New evidence may help solve 40-year-old Maryland murder

Sketch of Woodlawn Jane Doe by forensic artist. (Baltimore County Police Department)

Sketch of Woodlawn Jane Doe by forensic artist. (Baltimore County Police Department)

Tiny particles of pollen may help Maryland cold case detectives crack a young woman’s murder four decades ago.

The breakthrough came in the 1976 Woodlawn Jane Doe case thanks to recently analyzed pollen found on the victim’s clothing that suggests she is from Boston, WJZ-TV reported Saturday.

The analysis determined the pollen, a blend of cedar and mountain hemlock, was linked to the Arnold Arboretum in Boston.

“We found the mountain and hemlock cedar plant, and it still has the tag on it from when it was planted in 1969,” Baltimore County Police Det. Dave Jacoby told the station.

In December, Baltimore County detectives distributed flyers in the Boston neighborhoods where Woodlawn Jane Doe may have lived.

Prior to the visit, they got a name from a tipster, leading them to believe she and her family moved to Boston from Puerto Rico when she was little, attended a Catholic elementary school and disappeared when she was 15.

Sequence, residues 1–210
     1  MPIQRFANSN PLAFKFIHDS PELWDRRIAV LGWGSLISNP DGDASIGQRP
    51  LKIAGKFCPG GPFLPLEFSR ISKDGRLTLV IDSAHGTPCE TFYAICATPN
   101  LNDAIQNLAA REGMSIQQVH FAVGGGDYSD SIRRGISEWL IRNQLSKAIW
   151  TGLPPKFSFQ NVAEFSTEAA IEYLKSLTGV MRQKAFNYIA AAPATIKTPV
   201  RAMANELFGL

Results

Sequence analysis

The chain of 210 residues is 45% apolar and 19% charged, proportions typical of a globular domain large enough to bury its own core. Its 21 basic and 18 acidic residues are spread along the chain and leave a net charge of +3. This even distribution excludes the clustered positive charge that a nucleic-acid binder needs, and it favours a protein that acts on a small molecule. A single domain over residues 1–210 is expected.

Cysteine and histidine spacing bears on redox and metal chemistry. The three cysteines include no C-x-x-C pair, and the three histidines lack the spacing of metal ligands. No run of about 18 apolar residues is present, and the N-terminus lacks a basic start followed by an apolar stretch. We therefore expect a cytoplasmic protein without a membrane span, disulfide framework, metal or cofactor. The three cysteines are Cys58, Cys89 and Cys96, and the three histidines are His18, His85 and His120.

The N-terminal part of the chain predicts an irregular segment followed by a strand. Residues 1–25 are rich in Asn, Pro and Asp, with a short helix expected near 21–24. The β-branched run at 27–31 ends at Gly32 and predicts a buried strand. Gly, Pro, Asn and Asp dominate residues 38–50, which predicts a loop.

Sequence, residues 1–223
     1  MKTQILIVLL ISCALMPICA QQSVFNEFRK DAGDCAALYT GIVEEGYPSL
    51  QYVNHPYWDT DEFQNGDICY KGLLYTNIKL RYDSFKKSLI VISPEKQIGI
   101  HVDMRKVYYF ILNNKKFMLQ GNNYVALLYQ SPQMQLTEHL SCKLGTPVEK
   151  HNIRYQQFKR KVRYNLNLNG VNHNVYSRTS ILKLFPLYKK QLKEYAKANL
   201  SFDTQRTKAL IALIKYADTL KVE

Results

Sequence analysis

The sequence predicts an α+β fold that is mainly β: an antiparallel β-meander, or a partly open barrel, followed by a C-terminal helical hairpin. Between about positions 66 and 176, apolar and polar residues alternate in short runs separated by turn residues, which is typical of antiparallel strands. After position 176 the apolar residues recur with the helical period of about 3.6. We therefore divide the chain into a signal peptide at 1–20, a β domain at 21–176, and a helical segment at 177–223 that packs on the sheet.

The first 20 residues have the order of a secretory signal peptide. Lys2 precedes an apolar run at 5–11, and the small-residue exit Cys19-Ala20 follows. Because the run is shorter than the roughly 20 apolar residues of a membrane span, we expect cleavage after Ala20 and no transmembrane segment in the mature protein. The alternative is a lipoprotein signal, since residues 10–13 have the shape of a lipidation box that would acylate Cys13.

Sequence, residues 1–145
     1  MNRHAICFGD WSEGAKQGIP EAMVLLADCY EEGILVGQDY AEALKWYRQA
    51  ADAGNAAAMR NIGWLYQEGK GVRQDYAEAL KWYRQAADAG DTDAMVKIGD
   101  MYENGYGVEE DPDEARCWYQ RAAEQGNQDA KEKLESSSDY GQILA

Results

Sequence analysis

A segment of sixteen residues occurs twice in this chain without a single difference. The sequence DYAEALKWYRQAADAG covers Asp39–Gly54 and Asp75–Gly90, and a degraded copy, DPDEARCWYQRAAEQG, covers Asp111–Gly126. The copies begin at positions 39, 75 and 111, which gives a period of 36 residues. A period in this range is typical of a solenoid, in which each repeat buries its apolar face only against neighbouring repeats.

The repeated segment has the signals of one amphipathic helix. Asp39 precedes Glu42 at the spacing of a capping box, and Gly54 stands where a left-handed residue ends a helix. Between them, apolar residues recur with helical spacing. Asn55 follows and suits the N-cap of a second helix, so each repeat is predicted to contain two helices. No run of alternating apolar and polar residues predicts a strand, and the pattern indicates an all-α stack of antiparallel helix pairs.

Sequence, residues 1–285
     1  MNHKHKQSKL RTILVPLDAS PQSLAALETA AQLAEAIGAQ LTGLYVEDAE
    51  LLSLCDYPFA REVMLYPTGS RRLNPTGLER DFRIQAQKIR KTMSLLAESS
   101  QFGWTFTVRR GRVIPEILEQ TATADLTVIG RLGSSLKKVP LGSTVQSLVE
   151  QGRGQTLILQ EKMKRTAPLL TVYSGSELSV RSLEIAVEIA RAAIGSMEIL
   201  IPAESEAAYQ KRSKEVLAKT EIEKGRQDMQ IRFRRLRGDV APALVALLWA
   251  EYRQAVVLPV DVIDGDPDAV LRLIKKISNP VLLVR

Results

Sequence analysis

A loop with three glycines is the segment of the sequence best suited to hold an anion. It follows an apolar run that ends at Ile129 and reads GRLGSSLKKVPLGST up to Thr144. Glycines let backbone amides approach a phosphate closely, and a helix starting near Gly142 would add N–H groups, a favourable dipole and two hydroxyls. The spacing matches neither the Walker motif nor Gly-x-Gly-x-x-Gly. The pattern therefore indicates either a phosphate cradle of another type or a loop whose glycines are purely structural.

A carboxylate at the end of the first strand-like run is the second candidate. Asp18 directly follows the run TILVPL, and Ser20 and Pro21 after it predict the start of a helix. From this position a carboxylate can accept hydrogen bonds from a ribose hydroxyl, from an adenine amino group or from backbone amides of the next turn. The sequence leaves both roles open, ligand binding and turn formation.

Case detectives have not been released the name, citing the ongoing investigation.

The young woman was drugged, raped and strangled. The body was discovered on Sept. 12, 1976.

WJZ reported the victim’s neck and hands were bound and a white sheet was wrapped around the body which was dumped near a cemetery in Woodlawn.

According to the station, farm seed bags tied around her head were manufactured in Massachusetts—another clue for detectives that she may have come from Boston.

“I think there is someone out there that knows who this young lady is,” Jacoby told WJZ. “I think there’s someone who knows who is responsible for disposing of this body.”